The Institute for Public Policy Research (IPPR) think tank has published a joint plan for the government and the Mayor of London which it claims could bring emissions in the capital within legal limits.
Unveiled yesterday (2 November), the report titled â€˜Lethal & Illegal: Solving Londonâ€™s air pollution Crisis,â€™ sets out a two-phase plan of recommendations to cut air pollution in the city.
According to the report, â€œthe principal driver of air pollution in London is road transport and, within that, diesel vehicles. Nearly 40% of all NOx emissions within London come from diesel vehicles, and unless this is explicitly tackled it will be impossible to cleanse Londonâ€™s air.â€
Publication of the report has proved timely, coming on the day that the High Court ruled against the government on its air quality plan. The Judge ordered the Department for Environment, Food and Rural Affairs (Defra) to quash re-draft proposals to tackle emissions for the second time in 18 months todayÂ (see AirQualityNews.com story).
According to IPPR, necessary actions to tackle air pollution in the capital include for the Mayor of London to phase out diesel cars in central London by the end of the next mayoral term, consider a charge on all non-zero emissions cars in inner London by 2025 and phase out diesel taxis by 2025.
The report also calls for action from Whitehall, proposals including a new Clean Air Act that targets air pollution, a diesel scrappage scheme to make the phase out affordable for poorer drivers and businesses and a reform of â€˜road taxâ€™ so diesel vehicles are not promoted over petrol.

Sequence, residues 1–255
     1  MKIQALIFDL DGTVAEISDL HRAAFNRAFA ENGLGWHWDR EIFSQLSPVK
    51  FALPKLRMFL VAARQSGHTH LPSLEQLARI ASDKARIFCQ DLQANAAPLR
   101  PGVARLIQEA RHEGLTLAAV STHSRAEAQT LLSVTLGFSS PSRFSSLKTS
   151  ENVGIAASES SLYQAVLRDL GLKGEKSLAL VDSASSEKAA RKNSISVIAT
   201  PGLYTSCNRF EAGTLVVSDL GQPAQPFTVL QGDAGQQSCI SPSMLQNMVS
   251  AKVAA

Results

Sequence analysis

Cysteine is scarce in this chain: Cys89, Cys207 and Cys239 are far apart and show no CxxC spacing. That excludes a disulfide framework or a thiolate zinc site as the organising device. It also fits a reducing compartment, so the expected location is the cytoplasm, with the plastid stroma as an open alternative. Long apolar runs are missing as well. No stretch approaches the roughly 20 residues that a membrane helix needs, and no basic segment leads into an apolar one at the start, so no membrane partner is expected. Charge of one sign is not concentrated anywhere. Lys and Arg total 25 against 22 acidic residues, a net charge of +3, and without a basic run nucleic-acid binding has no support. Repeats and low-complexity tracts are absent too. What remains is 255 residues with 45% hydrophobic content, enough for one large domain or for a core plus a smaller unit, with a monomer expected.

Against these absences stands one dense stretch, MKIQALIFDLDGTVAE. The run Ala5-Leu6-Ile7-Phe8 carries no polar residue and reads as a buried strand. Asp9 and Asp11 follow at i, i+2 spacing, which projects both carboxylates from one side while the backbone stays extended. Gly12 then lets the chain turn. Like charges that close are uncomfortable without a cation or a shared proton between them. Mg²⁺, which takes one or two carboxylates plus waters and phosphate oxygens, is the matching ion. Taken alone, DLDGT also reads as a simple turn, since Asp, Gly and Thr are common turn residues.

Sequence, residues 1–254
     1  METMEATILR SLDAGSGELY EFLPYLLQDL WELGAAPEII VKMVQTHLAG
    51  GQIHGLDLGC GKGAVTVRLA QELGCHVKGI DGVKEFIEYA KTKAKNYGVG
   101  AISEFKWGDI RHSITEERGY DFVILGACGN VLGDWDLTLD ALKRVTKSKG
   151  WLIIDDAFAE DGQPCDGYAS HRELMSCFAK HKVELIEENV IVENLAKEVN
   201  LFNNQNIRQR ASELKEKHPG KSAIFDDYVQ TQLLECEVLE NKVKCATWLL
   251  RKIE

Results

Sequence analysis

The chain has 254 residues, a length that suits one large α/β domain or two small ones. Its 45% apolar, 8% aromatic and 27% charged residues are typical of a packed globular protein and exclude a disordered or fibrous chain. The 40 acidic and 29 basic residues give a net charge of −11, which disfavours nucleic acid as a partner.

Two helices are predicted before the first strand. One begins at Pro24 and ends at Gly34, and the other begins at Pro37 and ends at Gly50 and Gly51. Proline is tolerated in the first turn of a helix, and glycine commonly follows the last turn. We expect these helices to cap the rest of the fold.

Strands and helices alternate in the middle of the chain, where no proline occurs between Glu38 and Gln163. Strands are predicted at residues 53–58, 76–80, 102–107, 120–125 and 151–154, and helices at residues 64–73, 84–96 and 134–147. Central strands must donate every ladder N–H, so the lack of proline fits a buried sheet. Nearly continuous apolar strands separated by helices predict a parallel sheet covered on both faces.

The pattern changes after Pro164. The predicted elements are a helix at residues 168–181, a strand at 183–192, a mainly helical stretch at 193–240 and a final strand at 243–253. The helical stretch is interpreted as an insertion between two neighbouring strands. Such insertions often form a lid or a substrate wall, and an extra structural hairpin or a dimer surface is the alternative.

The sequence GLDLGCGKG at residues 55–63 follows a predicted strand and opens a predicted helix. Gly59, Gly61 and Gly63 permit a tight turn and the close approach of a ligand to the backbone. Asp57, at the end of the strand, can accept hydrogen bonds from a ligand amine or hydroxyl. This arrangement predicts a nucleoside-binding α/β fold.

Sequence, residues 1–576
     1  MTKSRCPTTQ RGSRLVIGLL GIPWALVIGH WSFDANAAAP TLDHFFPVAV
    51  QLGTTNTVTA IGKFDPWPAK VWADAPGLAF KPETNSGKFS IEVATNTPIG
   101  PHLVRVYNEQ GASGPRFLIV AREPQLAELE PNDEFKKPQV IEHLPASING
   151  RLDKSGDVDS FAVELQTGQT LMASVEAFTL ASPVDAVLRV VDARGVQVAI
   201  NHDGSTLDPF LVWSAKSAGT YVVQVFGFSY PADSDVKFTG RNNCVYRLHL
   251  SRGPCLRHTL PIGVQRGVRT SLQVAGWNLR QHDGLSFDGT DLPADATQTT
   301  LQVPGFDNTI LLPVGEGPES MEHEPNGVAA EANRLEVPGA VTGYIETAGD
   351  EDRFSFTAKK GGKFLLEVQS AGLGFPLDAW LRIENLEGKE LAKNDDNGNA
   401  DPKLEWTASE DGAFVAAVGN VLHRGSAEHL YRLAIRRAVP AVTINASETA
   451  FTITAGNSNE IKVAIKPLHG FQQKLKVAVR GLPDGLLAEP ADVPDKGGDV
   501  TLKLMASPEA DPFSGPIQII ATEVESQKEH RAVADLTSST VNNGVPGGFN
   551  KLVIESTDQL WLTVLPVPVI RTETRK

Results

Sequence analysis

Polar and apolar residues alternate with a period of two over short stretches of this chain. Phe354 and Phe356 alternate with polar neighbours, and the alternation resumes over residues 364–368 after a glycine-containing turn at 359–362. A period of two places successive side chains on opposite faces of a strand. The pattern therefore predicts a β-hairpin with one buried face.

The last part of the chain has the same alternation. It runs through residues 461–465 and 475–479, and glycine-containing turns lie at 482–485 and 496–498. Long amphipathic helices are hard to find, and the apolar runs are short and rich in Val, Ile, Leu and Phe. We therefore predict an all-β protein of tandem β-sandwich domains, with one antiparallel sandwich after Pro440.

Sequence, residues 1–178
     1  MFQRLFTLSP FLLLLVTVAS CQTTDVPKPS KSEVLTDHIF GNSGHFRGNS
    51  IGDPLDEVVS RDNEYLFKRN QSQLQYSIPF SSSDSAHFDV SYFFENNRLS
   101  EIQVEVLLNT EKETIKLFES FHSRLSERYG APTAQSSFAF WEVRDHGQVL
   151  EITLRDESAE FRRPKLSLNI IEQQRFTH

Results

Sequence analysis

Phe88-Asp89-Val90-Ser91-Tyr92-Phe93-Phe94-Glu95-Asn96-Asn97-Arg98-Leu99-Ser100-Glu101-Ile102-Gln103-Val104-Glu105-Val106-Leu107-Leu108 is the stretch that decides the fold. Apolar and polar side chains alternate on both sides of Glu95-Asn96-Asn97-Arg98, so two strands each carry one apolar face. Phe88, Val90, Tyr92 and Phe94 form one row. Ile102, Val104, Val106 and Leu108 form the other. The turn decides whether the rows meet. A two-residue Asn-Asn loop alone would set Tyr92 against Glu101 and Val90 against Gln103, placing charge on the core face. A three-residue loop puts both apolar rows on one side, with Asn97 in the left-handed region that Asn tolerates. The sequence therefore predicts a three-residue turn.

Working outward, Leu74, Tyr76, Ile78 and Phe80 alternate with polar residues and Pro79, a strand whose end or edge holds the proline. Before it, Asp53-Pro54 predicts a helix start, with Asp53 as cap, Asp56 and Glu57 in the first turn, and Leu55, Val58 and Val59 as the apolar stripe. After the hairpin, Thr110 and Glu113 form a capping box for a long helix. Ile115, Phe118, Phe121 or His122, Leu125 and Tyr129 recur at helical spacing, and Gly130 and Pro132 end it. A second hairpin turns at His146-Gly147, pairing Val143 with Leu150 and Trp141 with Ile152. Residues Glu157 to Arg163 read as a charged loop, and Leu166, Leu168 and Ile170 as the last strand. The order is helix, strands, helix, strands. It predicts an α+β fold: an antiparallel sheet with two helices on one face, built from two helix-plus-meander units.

Laurie Laybourn-Langton, IPPR research fellow on climate change, energy and transport policy, said: â€œAir pollution in London is at lethal levels. Bringing these levels down will save lives and make the capital more pleasant and prosperous for all Londoners.
â€œWe have provided a clear plan that shows how the mayor can ensure London stops breaking the law and complies with legal limits on air pollution.
â€œThis wonâ€™t be easy and so our plan includes a number of measures that reduce the cost to Londoners of cleaning up transport. The costs of inaction, in terms of poor health and lost business, are already too high.
â€œLondonâ€™s action needs to be complemented by measures from central government to make the move to cleaner vehicles cheaper, for example through a diesel scrappage scheme, so our message is that Whitehall will need to act as well as the Mayor.â€
Professor Stephen Holgate, FMedSci Special Adviser to the Royal College of Physicians said: “Fumes from diesel engines are the most toxic of all ambient air pollutants linked to human diseases like asthma, strokes and lung cancer.
â€œSince Europe has the highest proportion of its car fleet powered by diesel, encouraging solutions to this problem should be one of UK’s urgent priorities”.